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Back from hell. - 89%

hells_unicorn, August 21st, 2006

Following the pinnacle of their career thusfar in Unification, and a rather impressive live/mini-studio album in Interlude, Iron Savior gives us a very tasty appetizer to their 3rd studio release. Much like the single that preceded Unification, dubbed Coming Home, this one gives us 2 tracks from the following studio album, and a Judas Priest cover.

The first thing to note here are the line-up changes that have occured since the last full length studio release. In 1999 Dan Zimmerman was one of the most in demand drummers in the genre, and participated in the recording of 3 full length studio albums by 3 separate bands (Gamma Ray, Freedom Call, and Iron Savior). Obviously juggling 3 seemingly equally successful projects is not something that can be maintained for a long time, so Zimmerman's departure is understandable. His replacement, Thomas Knack, is another drummer who has played in Gamma Ray and is equally as competent behind the kit as his predecessor. The other change is the addition of guitarist Joachim Kustner. Although he doesn't do any lead work on this single, he will later become the primary soloist and the replacement of Kai Hansen, who would depart after the release of Dark Assault.

The two tracks taken from Dark Assault are selections that are comparable to those that were selected for the previous single, highlighting the more up tempo cookers that dominate 75% of Iron Savior's studio albums. An interesting thing to note is that both singles consist of the 1st and 4th tracks of both the studio albums they are associated with. I've been to hell is uncut, and cooks with the best of them. Piet gives us a very memorable solo, and the thundering rhythm section pushes the song along with the same Judas Priest feel that has always driven them. Never Say Die has been shortened, and lacks a rather intriguing intro, but this takes nothing from the song as such intros are more suited to function as the overture to a full length album. The high points here are Piet's riveting vocals and the crazy leads that he and Kai trade during the solo section. Nothing short of brilliant.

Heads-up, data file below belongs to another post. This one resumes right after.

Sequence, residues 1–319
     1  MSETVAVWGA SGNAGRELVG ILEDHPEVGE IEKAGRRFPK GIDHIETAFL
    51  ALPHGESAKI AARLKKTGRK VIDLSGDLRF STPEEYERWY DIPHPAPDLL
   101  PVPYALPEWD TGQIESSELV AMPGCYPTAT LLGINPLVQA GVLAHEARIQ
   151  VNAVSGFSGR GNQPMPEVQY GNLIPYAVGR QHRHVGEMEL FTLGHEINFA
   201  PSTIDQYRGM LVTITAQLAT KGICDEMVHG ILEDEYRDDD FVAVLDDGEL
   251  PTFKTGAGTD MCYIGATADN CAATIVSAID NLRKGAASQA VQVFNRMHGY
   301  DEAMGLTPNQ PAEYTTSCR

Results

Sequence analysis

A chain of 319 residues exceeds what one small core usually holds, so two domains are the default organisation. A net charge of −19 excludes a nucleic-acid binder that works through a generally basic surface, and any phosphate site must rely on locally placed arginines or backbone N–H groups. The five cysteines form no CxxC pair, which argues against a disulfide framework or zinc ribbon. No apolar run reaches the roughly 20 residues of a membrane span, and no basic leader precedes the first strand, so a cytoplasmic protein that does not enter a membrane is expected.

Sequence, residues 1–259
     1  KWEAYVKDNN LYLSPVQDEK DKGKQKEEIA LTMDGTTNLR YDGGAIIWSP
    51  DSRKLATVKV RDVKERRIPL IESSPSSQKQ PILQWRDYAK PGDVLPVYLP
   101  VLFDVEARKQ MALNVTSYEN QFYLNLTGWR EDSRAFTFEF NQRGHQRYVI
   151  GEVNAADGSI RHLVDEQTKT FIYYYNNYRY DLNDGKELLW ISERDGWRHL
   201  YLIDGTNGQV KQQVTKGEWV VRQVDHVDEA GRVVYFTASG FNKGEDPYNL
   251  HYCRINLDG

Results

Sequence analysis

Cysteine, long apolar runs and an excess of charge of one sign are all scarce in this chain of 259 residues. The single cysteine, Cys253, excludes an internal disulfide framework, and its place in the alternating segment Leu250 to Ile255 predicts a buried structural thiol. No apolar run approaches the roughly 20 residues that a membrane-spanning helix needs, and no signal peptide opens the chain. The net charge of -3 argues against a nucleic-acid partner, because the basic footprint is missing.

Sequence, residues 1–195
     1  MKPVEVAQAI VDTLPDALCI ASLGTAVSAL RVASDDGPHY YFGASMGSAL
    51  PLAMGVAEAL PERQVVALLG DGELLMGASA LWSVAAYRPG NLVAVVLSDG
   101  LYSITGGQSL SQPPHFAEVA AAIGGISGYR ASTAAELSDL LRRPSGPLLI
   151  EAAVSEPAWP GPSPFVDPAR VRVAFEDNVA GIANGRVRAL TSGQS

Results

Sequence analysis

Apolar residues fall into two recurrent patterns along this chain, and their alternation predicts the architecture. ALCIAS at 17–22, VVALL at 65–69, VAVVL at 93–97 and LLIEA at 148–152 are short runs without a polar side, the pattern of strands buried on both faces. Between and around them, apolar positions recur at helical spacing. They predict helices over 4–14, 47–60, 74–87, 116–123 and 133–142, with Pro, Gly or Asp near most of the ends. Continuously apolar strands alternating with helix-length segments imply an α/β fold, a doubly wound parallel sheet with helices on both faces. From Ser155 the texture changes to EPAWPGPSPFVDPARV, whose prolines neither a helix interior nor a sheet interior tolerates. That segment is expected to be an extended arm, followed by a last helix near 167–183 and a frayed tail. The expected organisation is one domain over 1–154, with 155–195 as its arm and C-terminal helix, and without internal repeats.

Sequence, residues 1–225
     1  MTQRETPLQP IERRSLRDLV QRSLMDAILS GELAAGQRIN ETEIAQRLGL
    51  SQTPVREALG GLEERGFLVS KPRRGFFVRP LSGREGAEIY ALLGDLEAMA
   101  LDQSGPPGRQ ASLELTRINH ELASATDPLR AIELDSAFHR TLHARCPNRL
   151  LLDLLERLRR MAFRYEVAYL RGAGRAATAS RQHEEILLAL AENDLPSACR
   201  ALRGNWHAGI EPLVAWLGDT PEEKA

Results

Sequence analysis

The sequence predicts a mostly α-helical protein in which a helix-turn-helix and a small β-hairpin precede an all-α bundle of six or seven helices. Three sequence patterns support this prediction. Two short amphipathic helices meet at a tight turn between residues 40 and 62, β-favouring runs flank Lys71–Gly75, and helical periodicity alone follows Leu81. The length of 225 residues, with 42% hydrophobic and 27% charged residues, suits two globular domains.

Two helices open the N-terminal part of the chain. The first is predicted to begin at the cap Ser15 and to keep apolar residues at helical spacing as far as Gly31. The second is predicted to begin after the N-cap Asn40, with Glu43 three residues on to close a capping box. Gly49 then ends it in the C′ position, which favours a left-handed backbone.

The Judas Priest cover that occupies track 3 is a remake of The Hellion/Electric Eye. Much like every other Judas Priest cover Iron Savior has recorded, it is extremely faithful to the original version, although Piet's vocals provide a big enough contrast to make it distinct.

The final track on here is a cover of Krokus' Headhunter, and is my favorite track on this release. The primary point of interest here is the rather amazing vocal performance of Jan Eckert, who I believe actually manages to shoot his range up higher than anything I've heard Kai Hansen do in the early vocal work with Helloween. Piet's vocal efforts here are also quite good, providing us with yet another memorable duet, as highlighted by every Savior release from the classic era , spanning the period from the first album release up to Dark Assault.

If you are a fan of Iron Savior, or if you enjoy classic NWOBHM music, this is well worth adding to your collection. It gives you both 2 classic songs from the 80s glory days of heavy metal, and two brilliant hommages to the style that can also be found on Dark Assault. It may be a bit hard to come by, I myself was only able to obtain this CD from a second hand dealer.